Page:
Contact herbicides are used for control of duckweed, and contact between the herbicide and the weed is necessary (Langeland and Demont, 1986). Herbicides used against Lemna include endothal and diquat; these are applied directly to the duckweed plant on the water surface as a fine spray. Sprayed plants turn white within a few days. The herbicide should then be re-applied, after 7-10 days, allowing time for affected plants to decay. The number of duckweed plants on the surface of the water can be substantially reduced using this procedure. Periodic applications of aquatic herbicides keeps the number of plants at a low level. However, if repeat applications are not made, the number of duckweed plants can increase and recover the entire surface of the waterbody, necessitating further control (Murphy and Barrett, 1990).

Biological control

Insects have been successully used for the control of several species of floating aquatic weeds. There are no reports of insects being used for the biological control of duckweeds, but common duckweed is attacked by several native insects, including a leaf-mining shore fly, Lemnaphila scotlandae. The larvae of the fly kill duckweed leaves by eating their entire contents, leaving behind a transparent, hollow shell.

Others insects which can be used include Lemnaphila neotropica, Hydrellia williamsi and Tanysphyrus lemnae (Pieterse, 1990). Grass carp (Ctenopharyngodon idella) also feed on duckweed.

References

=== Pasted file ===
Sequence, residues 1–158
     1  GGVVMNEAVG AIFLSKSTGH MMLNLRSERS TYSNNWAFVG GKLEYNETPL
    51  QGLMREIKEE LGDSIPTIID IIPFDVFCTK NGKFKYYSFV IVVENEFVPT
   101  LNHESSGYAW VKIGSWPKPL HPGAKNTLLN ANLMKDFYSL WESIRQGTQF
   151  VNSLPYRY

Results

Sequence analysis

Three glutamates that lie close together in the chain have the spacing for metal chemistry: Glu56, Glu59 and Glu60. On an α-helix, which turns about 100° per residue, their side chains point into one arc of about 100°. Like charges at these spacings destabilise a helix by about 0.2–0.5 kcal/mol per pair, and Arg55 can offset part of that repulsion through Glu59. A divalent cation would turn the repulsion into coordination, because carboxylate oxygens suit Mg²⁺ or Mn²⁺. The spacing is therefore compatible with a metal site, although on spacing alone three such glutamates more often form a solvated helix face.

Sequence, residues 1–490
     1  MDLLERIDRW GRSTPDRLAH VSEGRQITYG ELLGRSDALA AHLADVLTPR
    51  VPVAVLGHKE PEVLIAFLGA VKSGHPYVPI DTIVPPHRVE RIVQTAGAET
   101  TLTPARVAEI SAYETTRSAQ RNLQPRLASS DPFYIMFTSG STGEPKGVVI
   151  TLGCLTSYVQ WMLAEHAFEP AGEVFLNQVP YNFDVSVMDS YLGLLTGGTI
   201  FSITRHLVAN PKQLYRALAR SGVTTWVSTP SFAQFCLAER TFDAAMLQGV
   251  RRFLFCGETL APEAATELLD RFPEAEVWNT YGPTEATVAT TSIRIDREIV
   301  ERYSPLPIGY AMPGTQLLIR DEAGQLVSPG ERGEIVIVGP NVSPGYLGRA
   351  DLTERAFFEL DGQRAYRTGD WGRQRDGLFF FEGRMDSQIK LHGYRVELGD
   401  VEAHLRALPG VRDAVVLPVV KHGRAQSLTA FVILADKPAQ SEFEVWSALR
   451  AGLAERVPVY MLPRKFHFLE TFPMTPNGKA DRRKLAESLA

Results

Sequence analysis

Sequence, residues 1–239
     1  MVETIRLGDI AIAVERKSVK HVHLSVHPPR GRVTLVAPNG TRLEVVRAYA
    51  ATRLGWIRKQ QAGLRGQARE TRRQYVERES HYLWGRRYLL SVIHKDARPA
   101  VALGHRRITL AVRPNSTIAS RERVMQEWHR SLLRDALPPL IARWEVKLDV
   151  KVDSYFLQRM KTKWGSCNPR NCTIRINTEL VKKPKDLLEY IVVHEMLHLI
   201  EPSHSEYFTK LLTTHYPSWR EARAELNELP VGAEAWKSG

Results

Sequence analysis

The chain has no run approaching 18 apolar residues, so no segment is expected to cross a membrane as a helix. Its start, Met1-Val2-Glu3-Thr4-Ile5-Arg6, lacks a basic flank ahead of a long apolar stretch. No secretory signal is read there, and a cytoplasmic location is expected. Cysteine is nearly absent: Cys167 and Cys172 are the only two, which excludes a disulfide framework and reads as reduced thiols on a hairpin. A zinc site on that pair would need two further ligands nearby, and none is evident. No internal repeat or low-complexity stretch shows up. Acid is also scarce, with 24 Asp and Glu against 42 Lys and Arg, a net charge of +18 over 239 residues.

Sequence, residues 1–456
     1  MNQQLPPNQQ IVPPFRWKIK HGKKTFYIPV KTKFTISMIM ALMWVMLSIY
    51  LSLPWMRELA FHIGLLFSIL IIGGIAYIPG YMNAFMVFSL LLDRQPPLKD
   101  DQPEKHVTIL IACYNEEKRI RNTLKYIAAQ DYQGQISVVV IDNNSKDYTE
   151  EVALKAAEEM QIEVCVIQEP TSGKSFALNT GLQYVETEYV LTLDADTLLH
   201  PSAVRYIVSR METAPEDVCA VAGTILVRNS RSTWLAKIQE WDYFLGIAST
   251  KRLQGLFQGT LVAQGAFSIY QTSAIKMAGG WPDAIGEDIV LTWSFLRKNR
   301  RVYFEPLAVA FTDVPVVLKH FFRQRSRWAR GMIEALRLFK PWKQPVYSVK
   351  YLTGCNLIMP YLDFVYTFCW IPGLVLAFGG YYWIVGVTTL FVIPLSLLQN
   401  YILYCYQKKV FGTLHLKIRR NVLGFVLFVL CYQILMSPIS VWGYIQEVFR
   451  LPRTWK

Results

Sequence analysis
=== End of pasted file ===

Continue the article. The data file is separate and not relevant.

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Anderson LWJ, 1990. Aquatic weed problems in North America. In: Pieterse AH, Murphy KY, eds. Aquatic Weeds. Oxford, UK: Oxford Science Publication.

Arber A, 1972. Water Plant, a study on aquatic angiosperms. Whedon & Wesley Ltd.

Benson L, 1965. Plant Classification. Boston, USA: DC Heath and Company.

Bouda S; Chien YewHu, 2005. Productivity comparison of two duckweed species (Lemna perpusilla and Spirodela polyrrhiza) cultured under various environment. Journal of the Fisheries Society of Taiwan, 32(2):149-157.

Buckingham GR, 1984. Biological control of weeds by insects. J.Georgia Entomological Society, 19 2nd Supplement, 63-78.

Clark HL; Thieret JW, 1968. The duckweeds of Minnesota. Michigan Botanist, 7:67-76.

Cook CDK; Gut BJ; Rix EM; Schneller J; Seitz M, 1974. Water Plants of the World: A Manual for the Identification of the Genera of Freshwater Macrophytes. The Hague, The Netherlands: Dr W Junk.

Daubs EH, 1965. Monograph of Lemnaceae. Illinois Biological Monographs, 34.

Edwards DJ, 1975. Taking a bite at the waterweed problem. New Zealand Journal of Agriculture, 130(1):33-36.

eFloras.org, 2013. Flora of North America. St Louis, Missouri: Missouri Botanical Garden and Cambridge, Massachusetts: Harvard University Herbaria, Cambridge, MA.